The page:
Where the rubber hits the road to tomorrowland is the fact that we all need to change the way we live. Most people can’t lose weight even when the incentive is not to die a miserable death. As a species we’re very adaptable at surviving in diverse environments, but we can’t adapt ourselves to stabilize the environment. In 1968, I read Stand On Zanzibar by John Brunner. I was horrified by his vision of 2010. Brunner claimed two common themes would exist, worldwide terrorism, as well as daily TV news stories about crazed individuals committing mass killings. I really didn’t want to grow up to live in that future. But we all have. Could we have studied Brunner in the sixties to avoid the now in which we live? Brunner didn’t offer any prophecy. By the way, prophecy isn’t about predicting the future, but about convincing people how to live, so as to create a desired future. Can any science fiction novel be truly prophetic? Science fiction can create elaborate extrapolations leading to scary tomorrows, but can it find paths to greener pastures?
How often has the fate of the Earth been the plot driver of science fiction? 99% of the purpose of science fiction is entertainment, and even that 1% of serious speculation needs to be entertaining secondarily. Some science fiction writers have been prophets. Unfortunately, as people who read The Bible know, few people listen to prophets, which probably answers my title question.
I bring up this question now after reading All the Birds in the Sky by Charlie Jane Anders, the first SF/F book I’ve read for 2016. Anders’ book is getting great reviews and buzz around the net. It’s a wonderful YA/SF/F/Literary mashup about many things, including the forces of magic and the forces of science separately fighting climate change. Not to give anything away, but I found their desperate solutions rather horrifying, which I think was Anders intention, but other recent science fiction stories have also come up with similar solutions that are even scarier.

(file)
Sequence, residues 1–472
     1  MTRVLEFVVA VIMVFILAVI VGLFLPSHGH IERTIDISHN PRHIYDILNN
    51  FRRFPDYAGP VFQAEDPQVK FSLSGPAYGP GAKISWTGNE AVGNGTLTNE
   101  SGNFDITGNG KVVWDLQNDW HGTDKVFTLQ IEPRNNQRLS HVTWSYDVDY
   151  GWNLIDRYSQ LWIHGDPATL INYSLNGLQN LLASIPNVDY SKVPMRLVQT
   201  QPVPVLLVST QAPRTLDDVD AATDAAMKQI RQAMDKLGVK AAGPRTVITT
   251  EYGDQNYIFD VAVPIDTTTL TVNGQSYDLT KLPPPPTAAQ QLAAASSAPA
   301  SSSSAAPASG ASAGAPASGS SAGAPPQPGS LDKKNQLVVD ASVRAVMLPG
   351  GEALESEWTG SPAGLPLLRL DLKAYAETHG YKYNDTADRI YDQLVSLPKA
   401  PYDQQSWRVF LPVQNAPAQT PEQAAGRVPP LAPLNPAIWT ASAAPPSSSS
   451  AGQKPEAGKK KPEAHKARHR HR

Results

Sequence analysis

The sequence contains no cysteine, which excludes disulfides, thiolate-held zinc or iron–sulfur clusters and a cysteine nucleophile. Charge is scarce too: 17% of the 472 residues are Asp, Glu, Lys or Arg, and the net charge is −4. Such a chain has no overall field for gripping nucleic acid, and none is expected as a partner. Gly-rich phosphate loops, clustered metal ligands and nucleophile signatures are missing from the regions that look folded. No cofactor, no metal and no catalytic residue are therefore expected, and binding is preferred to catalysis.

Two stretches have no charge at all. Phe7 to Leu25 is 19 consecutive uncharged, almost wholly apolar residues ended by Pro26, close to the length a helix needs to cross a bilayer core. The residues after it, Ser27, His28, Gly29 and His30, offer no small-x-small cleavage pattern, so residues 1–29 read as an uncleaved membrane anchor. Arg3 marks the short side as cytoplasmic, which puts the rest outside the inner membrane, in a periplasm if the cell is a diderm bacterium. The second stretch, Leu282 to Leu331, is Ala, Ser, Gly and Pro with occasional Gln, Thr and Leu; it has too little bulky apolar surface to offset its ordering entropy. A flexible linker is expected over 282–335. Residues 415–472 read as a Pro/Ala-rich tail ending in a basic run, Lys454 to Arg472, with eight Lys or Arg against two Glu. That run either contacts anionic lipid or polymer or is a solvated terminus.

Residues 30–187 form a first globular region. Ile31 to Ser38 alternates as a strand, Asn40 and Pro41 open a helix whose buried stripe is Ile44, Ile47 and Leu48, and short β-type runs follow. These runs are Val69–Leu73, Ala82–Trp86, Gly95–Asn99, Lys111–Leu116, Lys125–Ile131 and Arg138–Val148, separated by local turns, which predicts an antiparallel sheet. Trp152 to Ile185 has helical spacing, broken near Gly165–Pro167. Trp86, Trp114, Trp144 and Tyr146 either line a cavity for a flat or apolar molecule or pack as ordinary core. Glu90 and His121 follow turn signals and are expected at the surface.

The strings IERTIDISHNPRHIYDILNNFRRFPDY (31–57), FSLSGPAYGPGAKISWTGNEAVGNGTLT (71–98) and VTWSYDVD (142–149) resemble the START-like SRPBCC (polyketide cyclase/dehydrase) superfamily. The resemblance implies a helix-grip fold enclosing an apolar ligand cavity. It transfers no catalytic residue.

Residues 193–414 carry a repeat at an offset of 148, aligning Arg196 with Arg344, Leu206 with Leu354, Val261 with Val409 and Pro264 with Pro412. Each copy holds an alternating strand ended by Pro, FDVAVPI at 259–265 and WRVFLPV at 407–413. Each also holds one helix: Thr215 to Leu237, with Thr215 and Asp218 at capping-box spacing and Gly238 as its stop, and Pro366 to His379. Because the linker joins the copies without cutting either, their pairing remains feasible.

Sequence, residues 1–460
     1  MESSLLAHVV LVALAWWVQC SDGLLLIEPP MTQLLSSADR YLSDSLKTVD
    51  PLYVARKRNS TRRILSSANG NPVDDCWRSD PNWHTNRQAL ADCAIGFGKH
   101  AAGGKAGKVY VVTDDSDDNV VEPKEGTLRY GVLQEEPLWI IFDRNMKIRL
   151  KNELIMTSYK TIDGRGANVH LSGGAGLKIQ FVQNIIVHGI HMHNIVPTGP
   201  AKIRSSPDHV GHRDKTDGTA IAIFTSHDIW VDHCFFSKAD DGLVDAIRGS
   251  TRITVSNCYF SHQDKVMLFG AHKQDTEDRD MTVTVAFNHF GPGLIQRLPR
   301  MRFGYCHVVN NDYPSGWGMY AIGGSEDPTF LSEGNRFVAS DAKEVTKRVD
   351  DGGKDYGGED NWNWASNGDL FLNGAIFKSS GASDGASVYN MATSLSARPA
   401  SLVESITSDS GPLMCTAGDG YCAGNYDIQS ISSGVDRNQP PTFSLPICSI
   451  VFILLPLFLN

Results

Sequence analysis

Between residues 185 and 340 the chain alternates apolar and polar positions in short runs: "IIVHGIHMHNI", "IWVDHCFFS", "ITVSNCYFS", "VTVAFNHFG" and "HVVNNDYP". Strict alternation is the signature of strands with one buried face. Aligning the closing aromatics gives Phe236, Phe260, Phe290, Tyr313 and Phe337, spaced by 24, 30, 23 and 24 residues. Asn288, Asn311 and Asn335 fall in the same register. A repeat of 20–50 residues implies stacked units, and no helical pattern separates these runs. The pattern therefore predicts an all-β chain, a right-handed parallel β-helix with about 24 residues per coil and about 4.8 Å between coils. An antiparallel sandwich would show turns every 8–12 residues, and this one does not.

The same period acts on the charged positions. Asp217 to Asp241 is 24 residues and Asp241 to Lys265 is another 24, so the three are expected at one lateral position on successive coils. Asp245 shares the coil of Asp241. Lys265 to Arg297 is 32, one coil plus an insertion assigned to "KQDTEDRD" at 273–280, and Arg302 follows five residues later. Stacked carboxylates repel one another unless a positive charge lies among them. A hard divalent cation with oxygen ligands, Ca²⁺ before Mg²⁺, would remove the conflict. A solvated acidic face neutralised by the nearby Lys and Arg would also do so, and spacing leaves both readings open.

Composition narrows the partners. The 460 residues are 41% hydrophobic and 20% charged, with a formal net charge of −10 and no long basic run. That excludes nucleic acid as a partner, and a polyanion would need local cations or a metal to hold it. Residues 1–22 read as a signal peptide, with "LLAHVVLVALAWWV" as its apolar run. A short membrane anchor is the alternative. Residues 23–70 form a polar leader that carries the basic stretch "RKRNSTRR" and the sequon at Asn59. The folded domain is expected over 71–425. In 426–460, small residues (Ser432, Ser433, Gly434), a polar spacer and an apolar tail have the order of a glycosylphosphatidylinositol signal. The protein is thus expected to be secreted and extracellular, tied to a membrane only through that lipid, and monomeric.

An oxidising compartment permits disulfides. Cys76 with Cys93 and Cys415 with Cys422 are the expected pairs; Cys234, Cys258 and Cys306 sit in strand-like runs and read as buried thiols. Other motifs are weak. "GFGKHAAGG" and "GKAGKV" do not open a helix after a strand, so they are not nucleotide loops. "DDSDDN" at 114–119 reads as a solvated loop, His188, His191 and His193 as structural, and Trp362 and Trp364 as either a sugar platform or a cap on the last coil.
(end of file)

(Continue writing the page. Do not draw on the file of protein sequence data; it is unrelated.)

The most extreme example is Interstellar, which preaches sacrificing all to build spaceships to seed other worlds before Earth collapses. Their logic is we’ve used up Earth, so let’s abandon it and go find a new home. There was never any suggestion that we try to save our planet. It’s the ultimate example of disposable consumerism. Our home world is a used Kleenex, so toss it out and get a new one.
In Seveneves, the latest novel by Neal Stephenson, the Earth is destroyed by an astronomical event, but humans were given enough time to build a fleet of Noah’s arks in space. This avoids the ethical issue of self-destruction. The story is extremely optimistic about our technological potential. But one of the common reasons now given to justify the colonization of other worlds is that we need to get all our genetic eggs out of one basket. Even scientists like Stephen Hawking are promoting this idea. And it’s logical. We could claim that science fiction inspired this philosophy. If we ever spend the money to colonize the Moon or Mars, we can give science fiction the credit. However, humans haven’t left Low-Earth orbit for over forty years, even after an explosion of science fiction popularity since the last man walked on the Moon. Taking care of Earth should be our prime priority — but it seldom is in science fiction. When will everyone realize that Earth might be our only home for millions of years?
We’re starting to see more science fiction deal with climate change. One very vivid novel last year, The Water Knife by Paolo Bacigalupi, focused on water wars. Bacigalupi doesn’t offer any instructions on how to avoid that future, but does paint such a scary picture of climate change’s side-effects that he’s trying to scare us straight. The novel got some good reviews, but I’ve yet to meet anyone else who’s read it and haven’t heard any buzz about it on the net.
Is preaching fire and brimstone futures the only tool science fiction has to convince us to avoid our life of sin? And let’s fess up here, climate change, mass extinction, polluted land, sea and sky, economic inequality, sexism, racism, xenophobia, and all the rest, are our sins. Yes, the world sometimes ends in a comet collision, gamma-ray burst or super-volcano eruption, but most of the time, Earth gets trashed by us.
There’s a growing library of climate change science fiction (Cli-Fi). But will reading such stories make us consume fewer resources? How many people read science fiction? Well, not that many. But multitudes go to the movies to see science fiction. What if HBO offered a mini-series based on The Windup Girl by Paolo Bacigalupi? Would it influence politics and lifestyle? The Windup Girl illustrates the results of climate change, monoculture farming, and using up all the oil. Even though it’s a very colorful future, it’s not one that most people would visit if they had a time machine.